Doing Life Together

stressed womanJulie was handed her biology test in class. While she studied for the test, the material was difficult. When she saw the red C at the top of the exam, she began to cry. Racked with anxiety, she couldn’t believe she barely passed the test. The stress overwhelmed her. One has to wonder why?

This is just one example off what most of us would consider mild stress than seems to put our teens in a panic and struggling with anxiety. I offer one of possibly many explanations for this. Parents!

Before you stop reading and think, great she is blaming us for teens’ poor coping, stay with me. I am a parent guilty of this as well. While our teens have to be responsible for how they react to minor difficulties, we have to take some ownership regarding how we prepare them for such times.

Consider this possibility. Have you helped your teens too much?

Ask yourself these 5 questions:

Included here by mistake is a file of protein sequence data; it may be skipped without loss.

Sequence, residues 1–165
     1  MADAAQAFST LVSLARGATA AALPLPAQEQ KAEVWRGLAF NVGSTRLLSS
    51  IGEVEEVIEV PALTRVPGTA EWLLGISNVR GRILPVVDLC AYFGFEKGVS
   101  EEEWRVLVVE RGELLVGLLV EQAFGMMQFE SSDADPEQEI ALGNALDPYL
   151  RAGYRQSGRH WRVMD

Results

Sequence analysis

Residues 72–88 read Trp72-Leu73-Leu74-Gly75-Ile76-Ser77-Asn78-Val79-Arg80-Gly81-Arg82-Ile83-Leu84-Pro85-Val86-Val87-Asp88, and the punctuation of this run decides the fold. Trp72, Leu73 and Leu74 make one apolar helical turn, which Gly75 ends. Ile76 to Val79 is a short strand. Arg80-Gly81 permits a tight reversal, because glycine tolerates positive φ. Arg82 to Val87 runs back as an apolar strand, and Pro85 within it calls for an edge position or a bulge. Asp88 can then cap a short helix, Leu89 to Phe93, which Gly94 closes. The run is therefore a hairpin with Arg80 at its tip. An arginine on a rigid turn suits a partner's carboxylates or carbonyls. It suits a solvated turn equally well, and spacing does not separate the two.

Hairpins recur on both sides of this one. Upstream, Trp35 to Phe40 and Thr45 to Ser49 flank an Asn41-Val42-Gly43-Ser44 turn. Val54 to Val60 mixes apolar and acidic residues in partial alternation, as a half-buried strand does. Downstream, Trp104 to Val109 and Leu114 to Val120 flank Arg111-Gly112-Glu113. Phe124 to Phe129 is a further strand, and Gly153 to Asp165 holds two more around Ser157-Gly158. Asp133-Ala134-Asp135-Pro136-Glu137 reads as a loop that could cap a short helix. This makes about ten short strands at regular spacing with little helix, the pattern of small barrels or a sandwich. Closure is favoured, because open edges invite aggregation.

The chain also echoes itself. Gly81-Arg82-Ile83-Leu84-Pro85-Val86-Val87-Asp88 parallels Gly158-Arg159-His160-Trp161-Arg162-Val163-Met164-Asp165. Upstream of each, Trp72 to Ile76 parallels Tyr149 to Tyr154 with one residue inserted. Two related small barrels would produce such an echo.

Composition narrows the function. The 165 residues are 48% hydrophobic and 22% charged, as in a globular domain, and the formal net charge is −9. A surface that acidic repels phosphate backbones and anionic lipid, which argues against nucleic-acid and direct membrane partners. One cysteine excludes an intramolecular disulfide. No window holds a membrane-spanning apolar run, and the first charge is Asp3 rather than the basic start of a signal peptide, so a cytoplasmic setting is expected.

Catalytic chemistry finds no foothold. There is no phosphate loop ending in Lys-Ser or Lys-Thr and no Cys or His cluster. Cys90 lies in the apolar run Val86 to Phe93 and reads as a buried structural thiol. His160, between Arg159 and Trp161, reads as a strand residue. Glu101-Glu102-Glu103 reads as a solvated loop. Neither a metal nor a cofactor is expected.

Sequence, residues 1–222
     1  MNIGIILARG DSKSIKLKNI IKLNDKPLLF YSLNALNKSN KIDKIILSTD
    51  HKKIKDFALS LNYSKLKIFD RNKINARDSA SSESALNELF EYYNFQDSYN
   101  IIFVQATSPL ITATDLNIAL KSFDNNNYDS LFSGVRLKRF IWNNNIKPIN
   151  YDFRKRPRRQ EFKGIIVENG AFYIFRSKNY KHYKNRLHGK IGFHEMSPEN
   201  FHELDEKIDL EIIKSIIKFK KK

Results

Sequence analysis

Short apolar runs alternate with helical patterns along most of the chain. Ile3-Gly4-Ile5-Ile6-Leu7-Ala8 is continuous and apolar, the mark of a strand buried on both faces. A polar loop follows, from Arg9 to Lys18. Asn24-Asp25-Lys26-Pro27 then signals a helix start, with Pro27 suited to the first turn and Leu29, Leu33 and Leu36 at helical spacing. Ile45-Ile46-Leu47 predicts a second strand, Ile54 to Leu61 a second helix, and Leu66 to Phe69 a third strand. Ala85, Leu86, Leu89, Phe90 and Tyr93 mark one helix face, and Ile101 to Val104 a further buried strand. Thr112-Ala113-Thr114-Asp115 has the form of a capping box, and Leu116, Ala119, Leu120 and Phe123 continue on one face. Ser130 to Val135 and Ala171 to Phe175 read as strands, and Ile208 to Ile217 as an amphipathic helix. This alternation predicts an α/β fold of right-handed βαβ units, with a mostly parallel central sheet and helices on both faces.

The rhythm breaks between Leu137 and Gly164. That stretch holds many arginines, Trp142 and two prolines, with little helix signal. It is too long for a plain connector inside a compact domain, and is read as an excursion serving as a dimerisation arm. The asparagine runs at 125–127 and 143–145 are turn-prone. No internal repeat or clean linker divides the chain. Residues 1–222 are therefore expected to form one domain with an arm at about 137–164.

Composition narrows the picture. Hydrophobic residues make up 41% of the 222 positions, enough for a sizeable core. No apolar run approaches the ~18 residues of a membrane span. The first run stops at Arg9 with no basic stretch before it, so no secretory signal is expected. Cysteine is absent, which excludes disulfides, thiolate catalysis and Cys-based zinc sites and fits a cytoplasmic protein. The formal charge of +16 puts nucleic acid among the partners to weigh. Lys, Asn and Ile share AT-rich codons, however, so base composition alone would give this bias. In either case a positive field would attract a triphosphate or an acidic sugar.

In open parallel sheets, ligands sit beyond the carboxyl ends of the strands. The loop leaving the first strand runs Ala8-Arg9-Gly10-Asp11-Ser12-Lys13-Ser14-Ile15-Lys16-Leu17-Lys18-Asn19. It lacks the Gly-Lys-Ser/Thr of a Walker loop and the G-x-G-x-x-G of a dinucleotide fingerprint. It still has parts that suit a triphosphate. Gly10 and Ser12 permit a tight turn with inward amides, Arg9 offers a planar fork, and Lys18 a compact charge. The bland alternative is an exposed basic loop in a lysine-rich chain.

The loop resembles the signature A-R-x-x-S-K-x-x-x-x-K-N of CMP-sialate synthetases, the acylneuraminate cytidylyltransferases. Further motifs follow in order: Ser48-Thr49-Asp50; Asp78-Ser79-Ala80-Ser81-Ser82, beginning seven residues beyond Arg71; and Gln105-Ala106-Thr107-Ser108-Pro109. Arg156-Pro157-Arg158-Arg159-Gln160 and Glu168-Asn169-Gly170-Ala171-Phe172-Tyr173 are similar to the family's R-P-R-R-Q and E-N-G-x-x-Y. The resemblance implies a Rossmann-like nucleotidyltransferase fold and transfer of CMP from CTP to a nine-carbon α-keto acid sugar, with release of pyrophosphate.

1) When my teen is stuck, do I jump in and find the solution? Or do I watch them struggle and figure it out without my intervention?

2) When they fail, do I minimize the failure and try to make them feel better or do I allow them to sit with that failure and work through the feelings?

3) When they are upset, do I listen and encourage them to problem-solve or do I get angry at whatever happened to upset them and blame others?

4) When there is a problem, do I immediately defend their behavior, make excuses or do I allow them to feel the consequences? 

5) Do I believe failure can build character and am comfortable watching them struggle for a time? Or do I feel compelled to rescue them? 

Hopefully, you see that in our quest to be helpful and good problem-solvers, we may be denying our teens the development of these specific skills. If you want to prepare your teen to cope better, consider pulling back from intervening, becoming a good listening ear and empowering them to work through their problems.

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